November 18, 2009 |
The first thing Vera Farmiga wants to do is to get out of those unrealistic heels. Relaxing on a couch in front of a lukewarm coffee in a suite at the Luxe Hotel, the actress known for unflinching portrayals of complex women appears before us now on behalf of "Up in the Air," a buzz-generating comedic drama directed by Jason Reitman ("Juno") and starring George Clooney. Clooney's Ryan is a smooth corporate mercenary flying from town to town to fire people; the happy traveler meets his match in Farmiga's Alex, a similarly rootless-seeming professional . . . and the banter begins.
July 18, 2013 |
When a really good new horror film comes out, one that's more about creative intelligence than executing the next grisly kill shot, it's something of a miracle in this eviscerating post-"Saw" era. Old-school and supremely confident in its attack, "The Conjuring" is this year's miracle - an "Amityville Horror" for a new century (and a far better movie than that 1979 hit), yet firmly rooted, without being slavish or self-conscious, in the visual language of 1970s filmmaking. Also like "Amityville," "The Conjuring" derives from an alleged true-life haunting, this one in rural Rhode Island, at an old house where terrible things happened and are happening still.
January 30, 2014 |
"At Middleton," the new romantic comedy starring Vera Farmiga and Andy Garcia as strangers who collide during a campus tour with their college-bound kids, is like a feckless flirtation. I use the word "feckless" because it keeps popping up in the film, an ongoing joke starting with a crossword puzzle. Feckless may be a hard word to make funny, ahem, but it does come in handy in describing a slight film that mostly squanders its fine cast on frothy banter and silly escapades. Borrowed bikes and shared bongs are typical of the adults' risky business after they escape the tour.
March 14, 2013 |
The big screen's most formidable mama's boy is coming to TV. Norman Bates, the deranged character of "Psycho" fame, is proving movie stars aren't the only ones hunkering down to the small screen - some of cinema's fictional personas are also making the move. "Bates Motel" is a sort-of prequel to Alfred Hitchcock's 1960 standard set to roll out Monday on A&E. The new series, from Carlton Cuse ("Lost") and Kerry Ehrin ("Friday Night Lights"), tracks the notorious psychopath during his adolescent years in the present day. (Cue the violin screeches.)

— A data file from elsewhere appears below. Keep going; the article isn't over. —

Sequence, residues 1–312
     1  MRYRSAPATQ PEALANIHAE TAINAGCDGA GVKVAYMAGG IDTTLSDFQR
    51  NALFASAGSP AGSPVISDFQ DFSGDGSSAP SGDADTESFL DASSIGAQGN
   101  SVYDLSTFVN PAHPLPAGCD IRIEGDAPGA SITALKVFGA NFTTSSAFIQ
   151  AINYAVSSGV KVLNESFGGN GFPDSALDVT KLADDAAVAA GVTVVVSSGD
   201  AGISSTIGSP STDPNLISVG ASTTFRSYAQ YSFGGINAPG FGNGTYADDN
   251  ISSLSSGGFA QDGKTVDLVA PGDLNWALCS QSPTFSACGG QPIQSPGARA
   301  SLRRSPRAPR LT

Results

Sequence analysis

March 18, 2013 |
When, in her famous essay "A Room of One's Own," Virginia Woolf conjured the tragically compelling possibility of Shakespeare's sister, a new sort of narrative was born - the reclamation of female characters who previously lurked at the edges of epic tales. Queens and consorts, mothers and parlor maids have all gotten their due in retellings of famous works, from the Bible to the tales of Sherlock Holmes. And now here's Mama Bates. The mother of cinematic serial killer Norman Bates is among the most famous off-stage characters in dramatic history.
September 15, 2013 |
The people have spoken. And they say they want to be scared. Over the weekend, the low-budget supernatural spook film "Insidious: Chapter 2" topped the box office, scaring up $41.1 million. The film, which was directed by a seemingly unstoppable James Wan, cost $5 million to make and earned more than three times what the first "Insidious" earned when it opened in 2011. The "Insidious" story isn't a one-off, however. This year has seen nearly half a dozen similar stories when it comes to creepy little films that have scored big with audiences.